Anthelmintics , COVID-19 , Zika Virus Infection , Zika Virus , Humans , Antioxidants , Ivermectin , SARS-CoV-2 , Oxidation-Reduction , Carbon , Electrodes
16.
Sci Rep ; 13(1): 2441, 2023 02 10.
Article in English | MEDLINE | ID: covidwho-2238799

ABSTRACT

Pathogenesis of COVID-19 by SARS-CoV-2 resulted in a global pandemic and public health emergency in 2020. Viral infection can induce oxidative stress through reactive oxygen species (ROS). Inflammation and environmental stress are major sources of oxidative stress after infection. Micronutrients such as iron, copper, zinc, and manganese play various roles in human tissues and their imbalance in blood can impact immune responses against pathogens including SARS CoV-2. We hypothesized that alteration of free metal ions during infection and metal-catalyzed oxidation plays a critical role towards pathogenesis after infection. We analyzed convalescent and hospitalized COVID-19 patient plasma using orthogonal analytical techniques to determine redox active metal concentrations, overall protein oxidation, oxidative modifications, and protein levels via proteomics to understand the consequences of metal-induced oxidative stress in COVID-19 plasma proteins. Metal analysis using ICP-MS showed significantly greater concentrations of copper in COVID-19 plasma compared to healthy controls. We demonstrate significantly greater total protein carbonylation, other oxidative modifications, and deamidation of plasma proteins in COVID-19 plasma compared to healthy controls. Proteomics analysis showed that levels of redox active proteins including hemoglobulin were elevated in COVID-19 plasma. Molecular modeling concurred with potential interactions between iron binding proteins and SARS CoV-2 surface proteins. Overall, increased levels of redox active metals and protein oxidation indicate that oxidative stress-induced protein oxidation in COVID-19 may be a consequence of the interactions of SARS-CoV-2 proteins with host cell metal binding proteins resulting in altered cellular homeostasis.


Subject(s)
COVID-19 , Humans , SARS-CoV-2/metabolism , Copper , Oxidative Stress , Metals/metabolism , Oxidation-Reduction
17.
J Transl Med ; 20(1): 549, 2022 Nov 26.
Article in English | MEDLINE | ID: covidwho-2139331

ABSTRACT

BACKGROUND: The COVID-19 pandemic has become a huge threat to human health, infecting millions of people worldwide and causing enormous economic losses. Many novel small molecule drugs have been developed to treat patients with COVID-19, including Paxlovid, which block the synthesis of virus-related proteins and replication of viral RNA, respectively. Despite satisfactory clinical trial results, attention is now being paid to the long-term side effects of these antiviral drugs on the musculoskeletal system. To date, no study has reported the possible side effects, such as osteoarthritis, of Paxlovid. This study explored the effects of antiviral drug, Paxlovid, on chondrocyte proliferation and differentiation. METHODS: In this study, both in vitro and in vivo studies were performed to determine the effect of Paxlovid on chondrocyte degeneration and senescence. Furthermore, we explored the possible mechanism behind Paxlovid-induced acceleration of cartilage degeneration using transcriptome sequencing and related inhibitors were adopted to verify the downstream pathways behind such phenomenon. RESULTS: Paxlovid significantly inhibited chondrocyte extracellular matrix protein secretion. Additionally, Paxlovid significantly induced endoplasmic reticulum stress, oxidative stress, and downstream ferroptosis, thus accelerating the senescence and degeneration of chondrocytes. In vivo experiments showed that intraperitoneal injection of Paxlovid for 1 week exacerbated cartilage abrasion and accelerated the development of osteoarthritis in a mouse model. CONCLUSIONS: Paxlovid accelerated cartilage degeneration and osteoarthritis development, potentially by inducing endoplasmic reticulum stress and oxidative stress. Long-term follow-up is needed with special attention to the occurrence and development of osteoarthritis in patients treated with Paxlovid.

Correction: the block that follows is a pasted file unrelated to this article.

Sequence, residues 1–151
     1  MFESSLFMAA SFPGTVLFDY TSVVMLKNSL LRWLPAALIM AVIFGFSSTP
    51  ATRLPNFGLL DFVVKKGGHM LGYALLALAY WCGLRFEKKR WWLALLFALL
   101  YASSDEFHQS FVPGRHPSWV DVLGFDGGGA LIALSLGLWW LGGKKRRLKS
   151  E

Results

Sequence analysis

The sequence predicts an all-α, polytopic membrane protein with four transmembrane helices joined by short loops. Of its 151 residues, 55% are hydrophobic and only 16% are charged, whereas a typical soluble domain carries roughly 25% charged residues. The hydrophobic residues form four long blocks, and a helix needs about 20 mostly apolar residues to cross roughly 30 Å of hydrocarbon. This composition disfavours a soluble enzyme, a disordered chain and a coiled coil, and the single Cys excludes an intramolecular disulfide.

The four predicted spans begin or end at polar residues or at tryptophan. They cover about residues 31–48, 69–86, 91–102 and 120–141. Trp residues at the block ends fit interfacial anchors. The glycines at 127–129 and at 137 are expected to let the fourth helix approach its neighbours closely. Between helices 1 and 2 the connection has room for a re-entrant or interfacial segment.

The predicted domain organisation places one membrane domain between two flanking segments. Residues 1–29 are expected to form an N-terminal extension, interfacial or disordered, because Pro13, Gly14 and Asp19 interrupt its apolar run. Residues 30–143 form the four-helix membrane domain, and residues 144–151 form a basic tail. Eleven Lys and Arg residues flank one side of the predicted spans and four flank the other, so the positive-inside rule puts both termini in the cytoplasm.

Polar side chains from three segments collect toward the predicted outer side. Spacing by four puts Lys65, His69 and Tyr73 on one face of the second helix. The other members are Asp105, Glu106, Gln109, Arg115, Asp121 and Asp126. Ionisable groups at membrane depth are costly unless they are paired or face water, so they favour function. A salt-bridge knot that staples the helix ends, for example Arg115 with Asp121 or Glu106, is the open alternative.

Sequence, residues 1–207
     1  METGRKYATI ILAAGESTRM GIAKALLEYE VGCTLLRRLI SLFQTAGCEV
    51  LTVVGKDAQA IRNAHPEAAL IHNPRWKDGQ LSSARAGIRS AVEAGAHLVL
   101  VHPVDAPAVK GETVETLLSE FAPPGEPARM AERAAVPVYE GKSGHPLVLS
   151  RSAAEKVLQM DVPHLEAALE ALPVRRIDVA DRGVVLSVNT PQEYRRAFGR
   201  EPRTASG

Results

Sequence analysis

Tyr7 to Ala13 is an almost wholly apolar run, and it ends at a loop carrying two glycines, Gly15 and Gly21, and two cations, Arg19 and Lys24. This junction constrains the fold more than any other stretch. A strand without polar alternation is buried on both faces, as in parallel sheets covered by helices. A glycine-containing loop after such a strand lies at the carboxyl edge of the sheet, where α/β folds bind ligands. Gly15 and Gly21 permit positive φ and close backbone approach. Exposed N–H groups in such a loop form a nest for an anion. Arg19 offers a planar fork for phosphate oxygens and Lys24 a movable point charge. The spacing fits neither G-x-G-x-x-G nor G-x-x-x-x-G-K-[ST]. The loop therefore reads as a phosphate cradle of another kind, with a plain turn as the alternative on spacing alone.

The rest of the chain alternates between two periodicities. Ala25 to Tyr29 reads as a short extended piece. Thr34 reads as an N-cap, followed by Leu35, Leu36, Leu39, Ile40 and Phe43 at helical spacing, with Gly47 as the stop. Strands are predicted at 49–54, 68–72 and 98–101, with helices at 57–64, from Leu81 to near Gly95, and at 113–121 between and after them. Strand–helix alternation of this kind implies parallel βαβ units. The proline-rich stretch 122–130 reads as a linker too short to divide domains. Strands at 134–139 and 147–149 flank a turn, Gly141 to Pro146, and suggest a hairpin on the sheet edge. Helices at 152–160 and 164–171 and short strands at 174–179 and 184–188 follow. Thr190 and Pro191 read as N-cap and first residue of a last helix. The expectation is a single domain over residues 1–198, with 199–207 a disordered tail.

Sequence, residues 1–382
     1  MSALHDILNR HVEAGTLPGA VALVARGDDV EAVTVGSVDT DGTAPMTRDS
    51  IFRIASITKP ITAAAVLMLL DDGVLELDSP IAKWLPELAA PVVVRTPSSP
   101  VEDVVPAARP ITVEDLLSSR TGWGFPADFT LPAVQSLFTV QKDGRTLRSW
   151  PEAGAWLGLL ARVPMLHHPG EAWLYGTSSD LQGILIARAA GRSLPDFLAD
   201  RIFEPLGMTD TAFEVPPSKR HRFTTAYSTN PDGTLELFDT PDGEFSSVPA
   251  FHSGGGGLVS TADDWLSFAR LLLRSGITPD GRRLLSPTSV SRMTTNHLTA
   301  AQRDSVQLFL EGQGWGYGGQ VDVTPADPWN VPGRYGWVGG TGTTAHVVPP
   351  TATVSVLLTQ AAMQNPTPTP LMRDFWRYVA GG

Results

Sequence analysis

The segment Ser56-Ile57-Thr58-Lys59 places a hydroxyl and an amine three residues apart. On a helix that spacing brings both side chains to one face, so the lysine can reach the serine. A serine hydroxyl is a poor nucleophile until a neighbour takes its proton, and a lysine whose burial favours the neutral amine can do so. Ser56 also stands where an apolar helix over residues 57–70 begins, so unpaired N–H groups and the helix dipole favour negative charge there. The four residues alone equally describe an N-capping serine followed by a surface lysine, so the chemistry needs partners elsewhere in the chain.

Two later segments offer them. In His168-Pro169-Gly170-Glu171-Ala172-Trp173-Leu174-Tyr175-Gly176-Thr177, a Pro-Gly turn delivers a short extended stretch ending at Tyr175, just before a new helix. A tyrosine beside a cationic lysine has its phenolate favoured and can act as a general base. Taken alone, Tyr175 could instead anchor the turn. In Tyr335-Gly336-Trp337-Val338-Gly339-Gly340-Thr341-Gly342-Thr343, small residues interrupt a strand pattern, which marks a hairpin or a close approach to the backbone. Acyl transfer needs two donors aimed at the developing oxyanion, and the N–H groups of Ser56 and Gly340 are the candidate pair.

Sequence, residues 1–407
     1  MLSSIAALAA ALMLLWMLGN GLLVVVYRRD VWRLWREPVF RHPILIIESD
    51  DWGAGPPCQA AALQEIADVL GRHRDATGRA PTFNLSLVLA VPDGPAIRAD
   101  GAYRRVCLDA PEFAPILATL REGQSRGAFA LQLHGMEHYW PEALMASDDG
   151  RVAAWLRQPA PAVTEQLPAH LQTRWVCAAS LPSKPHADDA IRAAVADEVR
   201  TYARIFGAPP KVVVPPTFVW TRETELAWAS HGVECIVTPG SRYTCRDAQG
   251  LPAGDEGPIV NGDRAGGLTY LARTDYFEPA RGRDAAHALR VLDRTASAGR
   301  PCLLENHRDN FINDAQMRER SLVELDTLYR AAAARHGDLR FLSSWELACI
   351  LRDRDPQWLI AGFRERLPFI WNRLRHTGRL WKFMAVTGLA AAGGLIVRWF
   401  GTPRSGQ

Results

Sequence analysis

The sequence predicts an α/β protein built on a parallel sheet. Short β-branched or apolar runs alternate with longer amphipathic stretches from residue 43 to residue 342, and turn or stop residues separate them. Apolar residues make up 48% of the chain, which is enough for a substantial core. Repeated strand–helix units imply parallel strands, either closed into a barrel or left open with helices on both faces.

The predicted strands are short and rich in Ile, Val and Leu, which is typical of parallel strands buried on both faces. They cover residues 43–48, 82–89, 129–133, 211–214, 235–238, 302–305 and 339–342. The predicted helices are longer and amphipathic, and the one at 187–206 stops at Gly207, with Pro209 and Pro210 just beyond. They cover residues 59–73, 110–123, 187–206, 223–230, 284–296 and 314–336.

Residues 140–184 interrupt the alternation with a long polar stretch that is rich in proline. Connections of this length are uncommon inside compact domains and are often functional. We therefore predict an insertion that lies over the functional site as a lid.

Subject(s)
COVID-19 , Osteoarthritis , Animals , Mice , Humans , Endoplasmic Reticulum Stress , Pandemics , Oxidation-Reduction , Homeostasis , Osteoarthritis/drug therapy , Antiviral Agents
18.
Oxid Med Cell Longev ; 2022: 8067857, 2022.
Article in English | MEDLINE | ID: covidwho-2138250

ABSTRACT

Background: Metabolic alterations, particularly disorders of lipoprotein metabolism in COVID-19, may affect the course and outcome of the disease. This study aims at evaluating the lipoprotein profile and redox status in SARS-CoV-2 infected patients with different pneumonia severity and their association with lethal outcomes. Methods: The prospective cohort study was performed on 98 COVID-19 patients with mild, moderate, and severe pneumonia. Lipid and inflammatory parameters, lipoprotein subclasses, and redox status biomarkers were determined at the study entry and after one week. Results: Compared to patients with mild and moderate pneumonia, severely ill patients had higher oxidised low-density lipoprotein (oxLDL) and malondialdehyde levels and lower high-density lipoprotein cholesterol (HDL-C) concentrations and paraoxonase 1 activity. Reduction in the proportion of large HDL 2a subclasses with a concomitant increase in the proportion of smallest HDL 3c and small dense LDL (sdLDL) particles was observed in patients with severe disease during the time. However, these changes were reversed in the mild and moderate groups. The results showed a positive association between changes in oxLDL and total antioxidative status. However, prooxidants and antioxidants in plasma were lower in patients with lethal outcomes. Conclusions: Increased levels of oxLDL and sdLDL particles may contribute to the severity of COVID-19. The role of oxidative stress should be clarified in further studies, mainly its association with lethal outcomes.